No more guessing or calculating the tension, simply MEASURE it with a dynamometer  the lineScale 2 (399 € including worldwide shipping)
lineScale is a bluetooth enabled electronic slackline dyno (tensile force meter), which we developed specially for slackline use. Its small, light, rainproof and most of all, really affordable (not to say "cheap" ;)
Key specs: 30kN working load, 80kN MBS, about the size of a hand, 22mm thin, only 600 light (incl. rechargeable battery) and of course rain proof / watertight (IP65). The bluetooth 4 interface connects it to your smartphone and the included smartphone app (iOS & Android) lets you control the lineScale and log the load values with a precision of 40Hz (one reading every 25ms, thats 40 readings per second).

Force Calculations / Tension Calculations
/ Sag Calculations
First we look at the practical aspects!
Numerous tests in practice have shown that the following formulas compute the actual values to a large degree of accuracy. Measurements of many longlines set up with the measuring equipment resulted in only very slight deviations from the calculated results. Therefore, you can rely on these formulas for the most part, but you should also keep in mind that deviations and errors are possible.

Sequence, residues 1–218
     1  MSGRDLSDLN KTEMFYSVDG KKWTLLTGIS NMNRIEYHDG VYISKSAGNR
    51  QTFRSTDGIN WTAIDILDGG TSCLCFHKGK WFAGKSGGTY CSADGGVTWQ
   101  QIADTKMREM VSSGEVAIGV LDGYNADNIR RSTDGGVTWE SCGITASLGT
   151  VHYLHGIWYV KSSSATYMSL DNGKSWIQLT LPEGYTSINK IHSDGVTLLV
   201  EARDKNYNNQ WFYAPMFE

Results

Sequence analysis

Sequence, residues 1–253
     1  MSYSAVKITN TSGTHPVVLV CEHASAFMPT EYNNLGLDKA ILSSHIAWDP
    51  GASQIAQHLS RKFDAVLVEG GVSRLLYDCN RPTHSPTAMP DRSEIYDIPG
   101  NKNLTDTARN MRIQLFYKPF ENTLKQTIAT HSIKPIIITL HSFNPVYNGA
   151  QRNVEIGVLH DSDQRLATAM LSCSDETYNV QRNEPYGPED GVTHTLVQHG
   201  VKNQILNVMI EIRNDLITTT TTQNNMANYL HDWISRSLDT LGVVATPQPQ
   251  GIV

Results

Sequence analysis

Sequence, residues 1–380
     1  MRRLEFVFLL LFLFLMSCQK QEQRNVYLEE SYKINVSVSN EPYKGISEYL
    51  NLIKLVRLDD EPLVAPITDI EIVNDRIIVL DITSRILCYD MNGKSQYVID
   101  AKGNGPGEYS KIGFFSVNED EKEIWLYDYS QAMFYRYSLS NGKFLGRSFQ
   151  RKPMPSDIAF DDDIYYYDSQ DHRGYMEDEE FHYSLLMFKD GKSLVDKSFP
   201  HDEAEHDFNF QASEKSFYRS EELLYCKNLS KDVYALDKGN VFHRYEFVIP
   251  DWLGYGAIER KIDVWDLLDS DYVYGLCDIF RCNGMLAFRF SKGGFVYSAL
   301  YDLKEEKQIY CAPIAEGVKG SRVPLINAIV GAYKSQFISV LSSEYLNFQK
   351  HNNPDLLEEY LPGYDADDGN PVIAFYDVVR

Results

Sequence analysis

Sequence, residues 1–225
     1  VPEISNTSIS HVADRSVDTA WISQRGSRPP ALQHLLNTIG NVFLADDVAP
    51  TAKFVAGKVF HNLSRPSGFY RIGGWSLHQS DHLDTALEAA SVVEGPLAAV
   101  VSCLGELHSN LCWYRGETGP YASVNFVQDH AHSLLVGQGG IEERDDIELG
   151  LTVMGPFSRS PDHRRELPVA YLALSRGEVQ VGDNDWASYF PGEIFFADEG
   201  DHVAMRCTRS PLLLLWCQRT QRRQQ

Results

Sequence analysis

All data and formulas are given without guarantee or claim of completeness!
Formula to calculate the current tension in a rigged slackline:
Three factors will give you the basis to calculate the appoximate tension on the slackline (the formula is valid for every slackline!). First, you need to know the exact length of the slackline (the distance between the anchor points/trees) and also the sag in the middle when under a load of a certain weight (a slackliner, for example).
(Weight
in kg : Sag in m) x Length in m 

= approx. tension
in daN (kg) 

4 
For example a 100m long slackline, which has 1.2m sag in the middle under the weight of a 75kg Slackliner.
((75 : 1,2) x 100) : 4 = 6250 : 4 = approx.. 1560daN (kg) Tension
This means that this 15kN (1,5t) force is also working on every anchor point/tree! This tension is also on the line regardless of whether a slackliner is walking. Agains the widespread misconception that the tension of the line more than doubles or even increases substantially, in reality it makes hardly any difference whatsoever with such a high pretension. The load does not increase by more than the actual weight of the slackliner!
It is, however, a bit different with shorter slacklines (Tricklines) with less tension and a dynamic load. When you jump on the slackline with, for example, 500daN pretension, you can eaisily more than double the tension on the line!
Formula for the computation of sag with a specific tension:
You can calculate the sag in a slackline from three factors (this formula is valid for all slacklines!). You need to know the exact length of the line (the distance between the anchor points/trees), the desired tension in daN(kg), and the weight of the slackliner who will be walking.
Weight in
kg 

= approx. sag
in the middle in meters 

(Tension in
daN (kg) : Length in m) x 4 
For example, a 100m long slackline with 15kN tension, that is loaded with a 75kg Slackliner in the middle:
75 : ((1500 : 100) x 4) = 75 : 60 = approx. 1,25m sag in the middle